It didn't take long – and the GOP knew it, which is why they fought so hard against HCR passing – new poll numbers show a positive shift in opinions toward the Democrats. These numbers suggest that running on a promise to repeal the Affordable Care Act or shift healthcare policy to the right is not much of a winning strategy. Americans by 9 percentage points have a favorable view of the health care overhaul that President Obama signed into law Tuesday. A poll by USA Today/Gallup finds a notable turnaround from surveys before the vote that showed a plurality against it. By 49%-40% those surveyed say it was "a good thing" rather than a bad one that Congress passed the bill. Half describe their reaction in positive terms, as "enthusiastic" or "pleased," while about four in 10 describe it in negative ways, as "disappointed" or "angry." The largest single group, 48%, calls the bill "a good first step" that should be followed by more action on health care. An additional 4% also have a favorable view, saying the bill makes the most important changes needed in the nation's health care system. Bonus stat: President's approval rating on health care 46%; GOP approval rating on health care 26%.

In a CNN poll, a question shows that 51 percent of the public trust Obama versus 39 percent who trust Congressional Republicans. Similarly, another question shows that 45 percent trust the Democrats versus only 39 percent who trust the Republicans.

All these numbers suggests that running on a promise to repeal the Healthcare Act will not work in favor of the Republicans. (I hope they do not realize this until it is too late.) The Party of No is losing. As it is, however, the lock-step march of the Republicans in radical resistance to even the most modest proposals to heal a deeply ailing nation leaves the Democrats as the only party that matters. The Republicans are a party of incoherent rage, and while they might temporarily succeed as demagogues, they are now acknowledged strangers to fact and logic – not to mention compassion.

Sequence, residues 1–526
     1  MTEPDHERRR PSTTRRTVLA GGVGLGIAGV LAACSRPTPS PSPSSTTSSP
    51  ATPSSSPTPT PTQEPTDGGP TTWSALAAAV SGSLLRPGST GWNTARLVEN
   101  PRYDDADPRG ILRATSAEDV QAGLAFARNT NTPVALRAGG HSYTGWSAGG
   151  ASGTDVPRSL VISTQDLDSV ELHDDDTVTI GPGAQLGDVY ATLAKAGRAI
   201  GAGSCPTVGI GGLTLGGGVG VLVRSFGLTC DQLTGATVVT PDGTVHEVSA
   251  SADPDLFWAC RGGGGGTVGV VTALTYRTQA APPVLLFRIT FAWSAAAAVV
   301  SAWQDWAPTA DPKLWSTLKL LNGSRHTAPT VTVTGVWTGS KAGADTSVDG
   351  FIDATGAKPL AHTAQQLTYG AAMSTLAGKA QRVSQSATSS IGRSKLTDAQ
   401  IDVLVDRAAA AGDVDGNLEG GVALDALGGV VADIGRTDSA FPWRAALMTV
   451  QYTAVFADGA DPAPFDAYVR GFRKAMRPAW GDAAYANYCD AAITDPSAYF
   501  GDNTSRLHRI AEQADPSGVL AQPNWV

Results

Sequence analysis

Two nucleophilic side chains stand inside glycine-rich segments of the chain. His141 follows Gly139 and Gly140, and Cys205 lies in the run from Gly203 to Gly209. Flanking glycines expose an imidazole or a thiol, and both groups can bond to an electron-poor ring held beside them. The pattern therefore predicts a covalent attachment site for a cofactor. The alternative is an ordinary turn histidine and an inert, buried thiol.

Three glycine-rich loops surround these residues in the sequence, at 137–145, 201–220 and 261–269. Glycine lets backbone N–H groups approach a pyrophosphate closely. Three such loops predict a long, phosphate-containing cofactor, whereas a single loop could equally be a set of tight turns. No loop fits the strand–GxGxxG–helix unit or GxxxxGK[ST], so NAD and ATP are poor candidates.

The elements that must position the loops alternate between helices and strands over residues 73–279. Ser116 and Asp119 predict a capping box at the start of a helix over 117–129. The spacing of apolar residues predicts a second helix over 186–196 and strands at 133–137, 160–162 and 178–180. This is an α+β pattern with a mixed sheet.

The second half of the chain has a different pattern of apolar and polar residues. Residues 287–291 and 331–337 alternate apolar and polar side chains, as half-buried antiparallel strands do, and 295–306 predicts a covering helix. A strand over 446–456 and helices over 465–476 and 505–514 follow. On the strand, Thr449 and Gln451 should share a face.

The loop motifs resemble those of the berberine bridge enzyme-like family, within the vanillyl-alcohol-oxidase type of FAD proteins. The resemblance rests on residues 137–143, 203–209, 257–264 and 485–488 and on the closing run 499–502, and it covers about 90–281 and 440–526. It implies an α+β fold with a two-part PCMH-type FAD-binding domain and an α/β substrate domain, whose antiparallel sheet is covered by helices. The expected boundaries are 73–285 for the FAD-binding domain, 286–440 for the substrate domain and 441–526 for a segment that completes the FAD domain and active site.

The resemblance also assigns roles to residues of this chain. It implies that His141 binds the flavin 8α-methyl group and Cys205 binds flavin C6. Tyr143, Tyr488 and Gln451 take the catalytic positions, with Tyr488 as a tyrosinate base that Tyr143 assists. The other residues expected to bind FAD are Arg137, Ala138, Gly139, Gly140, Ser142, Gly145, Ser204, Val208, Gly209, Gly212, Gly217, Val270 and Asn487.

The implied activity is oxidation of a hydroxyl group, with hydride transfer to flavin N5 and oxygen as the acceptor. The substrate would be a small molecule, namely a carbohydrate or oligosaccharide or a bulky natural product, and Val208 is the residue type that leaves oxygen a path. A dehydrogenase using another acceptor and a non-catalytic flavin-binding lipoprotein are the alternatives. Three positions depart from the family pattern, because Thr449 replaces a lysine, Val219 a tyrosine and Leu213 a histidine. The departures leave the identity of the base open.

Now that the bill has actually passed, independents will begin to forget the ugly process and start focusing more on the substance – the goodies they get from the bill. Talk of death panels, deem and pass, and reconciliation will fade away. Every news outlet in the country already has stories and charts showing people what they get under the new law. Once the public realizes the goodies they get, Republican candidates – and conservative Democrats – will not want to insist on repealing the bill – which would be the same thing as insisting that children be kept off of health insurance once again because they have a pre-existing condition, or that a sick person can be kicked out of their insurance plan, or that small businesses should not get the 35% tax credits to help pay for their employees' health insurance. Even if Republicans scored a 1994-style landslide in November, how many votes could they muster to re-open the 'doughnut hole' and charge seniors more for prescription drugs? How many votes would it take to re-allow insurers to rescind policies when they discover a pre-existing condition? How many votes could they get to banish 25-year-olds from their parents' insurance coverage? Who really wants to repeal the ban on annual and lifetime insurance payment limits?

The seniors will be really happy that the donut hole for their drug coverage is closing, although they do lose the overpriced upper-end Advantage C Medicare plans for which Medicare, through taxpayers, pay private insurance companies more than if the seniors stayed with regular Medicare. This will extend Medicare's solvency for 10 more years beyond the previously predicted date.

By November, David Frum argues, "the immediate goodies in the healthcare bill will be reaching key voting blocs" – and they are going to love what they have. Even if the Affordable Care Act moves from unpopular to merely neutral, Tea Party-driven mania for repeal will be out of sync with the majority of the public, especially if Democrats are focusing their public conversation on jobs.

Word is already getting out about how the deficit will be REDUCED by 1.3 trillion dollars during the first 20 years the reform plan is in effect. Can you guess what happens to the GOP when the public begins to understand and enjoy the goodies in the bill? Soon the public will be shouting: “Keep your hands off my Obamacare!” This could actually turn into a Republican Waterloo, especially if the economy begins to turn around for Main Street.

Healthcare reform is a done deal.